Lanercost Priory is a medieval priory in a beautiful setting close to Hadrian’s Wall. The tranquil setting is deceptive, the priory has a troubled history.
On a wet summer day, we set off to visit Hadrian’s wall. We were hoping to visit the kite festival at Birdoswald, one of the many Roman forts along the wall. When we got there we couldn’t see any kites in the air. This was due to the rain. Noticing a sign for Lanercost Priory we went to explore.
Lanercost Priory is in Cumbria, about thirteen miles away from Carlisle and two miles from Brampton. It can be found off a minor road in the village of Lanercost. The Augustinian priory is near to Hadrian’s Wall and not far from the River Irthing. The location is secluded but practical.
The priory was founded by Henry II in 1166 and was in use until the dissolution of the monasteries by Henry VIII in 1536. The buildings went to Thomas Dacre who made part of them into a private residence. The rest fell into disrepair until in 1740 the nave was restored. This is now a parish church that is in use today. The remaining ruins of Lanercost Priory are run by English Heritage.
Being near the Scottish border Lanercost Priory was a target during Scottish raids. It was sacked four times. One raid saw Robert the Bruce bringing a Scottish army to its doors. The priory has also been a home to royalty, King Edward I was there for several months due to ill health. Lanercost Priory must have many tales to tell.
Lanercost Priory stands just off a small road which Hadrian’s wall runs alongside. There is plenty of parking. You can park in car park next to Lanercost Priory tearooms and gift shop. A small path takes you to the priory which is a couple of minutes away.
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Alternatively, you can park next to the church if you go under the stone archway. Be aware there is a height restriction on the arch and the road is narrow. The tearooms are privately owned and we did not get a chance to visit on this occasion. The tearooms are dog-friendly and have a canine cafe where you can sit with your dog. You can also bring your dog inside the priory on a lead.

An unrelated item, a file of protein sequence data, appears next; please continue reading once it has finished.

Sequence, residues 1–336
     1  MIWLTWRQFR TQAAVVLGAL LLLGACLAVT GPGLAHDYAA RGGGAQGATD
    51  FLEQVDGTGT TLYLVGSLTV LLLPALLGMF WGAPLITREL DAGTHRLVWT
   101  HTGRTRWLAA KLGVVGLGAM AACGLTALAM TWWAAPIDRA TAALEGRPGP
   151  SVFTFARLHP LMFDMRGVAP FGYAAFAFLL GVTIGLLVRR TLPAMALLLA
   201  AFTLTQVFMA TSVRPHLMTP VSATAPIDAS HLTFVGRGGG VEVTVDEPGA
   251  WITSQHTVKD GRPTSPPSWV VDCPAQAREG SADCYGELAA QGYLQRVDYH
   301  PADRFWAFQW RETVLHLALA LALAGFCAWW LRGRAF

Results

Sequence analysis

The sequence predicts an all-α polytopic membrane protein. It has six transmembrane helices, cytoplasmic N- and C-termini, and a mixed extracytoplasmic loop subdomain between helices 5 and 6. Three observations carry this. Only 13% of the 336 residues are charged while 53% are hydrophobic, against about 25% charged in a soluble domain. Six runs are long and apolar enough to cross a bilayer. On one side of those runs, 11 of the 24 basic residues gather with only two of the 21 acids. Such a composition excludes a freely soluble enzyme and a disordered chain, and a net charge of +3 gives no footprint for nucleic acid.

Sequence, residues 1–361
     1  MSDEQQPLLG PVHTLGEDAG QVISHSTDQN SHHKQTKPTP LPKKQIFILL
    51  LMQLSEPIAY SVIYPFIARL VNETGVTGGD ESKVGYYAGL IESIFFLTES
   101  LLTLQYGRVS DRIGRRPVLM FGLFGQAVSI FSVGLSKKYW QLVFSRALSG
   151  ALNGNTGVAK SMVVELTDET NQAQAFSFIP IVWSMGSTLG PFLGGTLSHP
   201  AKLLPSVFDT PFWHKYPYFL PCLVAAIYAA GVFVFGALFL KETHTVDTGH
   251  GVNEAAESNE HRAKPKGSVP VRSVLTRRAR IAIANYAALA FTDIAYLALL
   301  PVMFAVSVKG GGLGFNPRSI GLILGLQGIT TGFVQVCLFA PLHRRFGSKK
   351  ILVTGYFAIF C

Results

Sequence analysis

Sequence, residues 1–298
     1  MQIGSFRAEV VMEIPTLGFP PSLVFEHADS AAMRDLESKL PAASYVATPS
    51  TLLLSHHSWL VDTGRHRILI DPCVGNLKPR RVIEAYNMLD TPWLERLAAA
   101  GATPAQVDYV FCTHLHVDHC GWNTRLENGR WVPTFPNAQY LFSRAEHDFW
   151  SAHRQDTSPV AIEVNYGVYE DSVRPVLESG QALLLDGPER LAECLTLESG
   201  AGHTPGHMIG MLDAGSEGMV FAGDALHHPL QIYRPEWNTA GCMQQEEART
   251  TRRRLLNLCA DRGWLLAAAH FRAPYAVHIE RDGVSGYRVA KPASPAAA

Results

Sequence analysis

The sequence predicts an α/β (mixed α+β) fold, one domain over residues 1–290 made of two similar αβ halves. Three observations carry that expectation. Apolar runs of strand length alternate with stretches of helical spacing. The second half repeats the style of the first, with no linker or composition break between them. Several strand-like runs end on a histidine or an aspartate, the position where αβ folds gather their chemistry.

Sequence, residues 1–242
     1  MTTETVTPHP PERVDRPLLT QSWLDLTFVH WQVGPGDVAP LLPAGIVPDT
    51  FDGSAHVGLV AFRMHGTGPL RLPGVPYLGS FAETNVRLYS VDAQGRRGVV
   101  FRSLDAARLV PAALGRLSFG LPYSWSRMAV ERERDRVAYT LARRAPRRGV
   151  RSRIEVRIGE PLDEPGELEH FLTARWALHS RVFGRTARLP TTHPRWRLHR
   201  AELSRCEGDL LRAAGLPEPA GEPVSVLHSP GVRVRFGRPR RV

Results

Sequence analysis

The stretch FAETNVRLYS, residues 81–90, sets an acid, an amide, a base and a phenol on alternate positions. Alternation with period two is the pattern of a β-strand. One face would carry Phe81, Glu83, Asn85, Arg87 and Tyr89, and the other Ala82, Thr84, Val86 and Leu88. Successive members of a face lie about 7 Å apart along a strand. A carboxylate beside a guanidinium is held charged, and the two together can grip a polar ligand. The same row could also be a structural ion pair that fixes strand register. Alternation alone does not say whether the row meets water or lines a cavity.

Entrance into Lanercost Priory is beside Lanercost church. The parish church of Stain Mary Magdeline is still in use today. Services are held on Sunday and Wednesday. There was a service on when we were there so we did not go in. Instead, we went to explore the priory.
You enter Lanercost Priory through the English Heritage gift shop. Stepping into the priory is like stepping back in time. You can almost hear the footsteps of the monks passing by. Inside you will find the remains of the North and South Transepts.
Be careful as you walk around the priory grounds. In the 19th Century, Lanercost was known for boggles. Boggles are mischievous creatures who play tricks on humans. Watch out for strange noises, large dogs, white rabbits or white horses. These can be signs a boggle is present. Deter them with a silver crucifix or a bible. Boggle is a Northumberland word for ghost.
There is plenty to explore, even in the rain we found much of interest to look at.
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We took shelter from the rain inside the cloisters. There was a service going on in the church and the vaulted arches rang with the sound of hymns. This gave the priory a surreal and spooky atmosphere. You will find a number of ornate tombs here as well as a terracotta effigy of Elizabeth Dacre Howard who died at four months old. It is a poignant reminder of the family who made their home in part of the ruins.
Look carefully when walking about and you may some Roman inscriptions in the walls. The proximity to Hadrian’s wall gave the stone masons some great stones to use.
Lanercost Priory is an interesting place to visit and there is plenty to see. If you have time it is worth popping into the tearooms where you will also find an information centre.
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Lanercost Priory is an English Heritage property and members get free entry. English Heritage membership is great value. Membership for two adults is £96. Each adult can bring six children under the age of 19.
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Have you been to Lanercost Priory? Let me know below.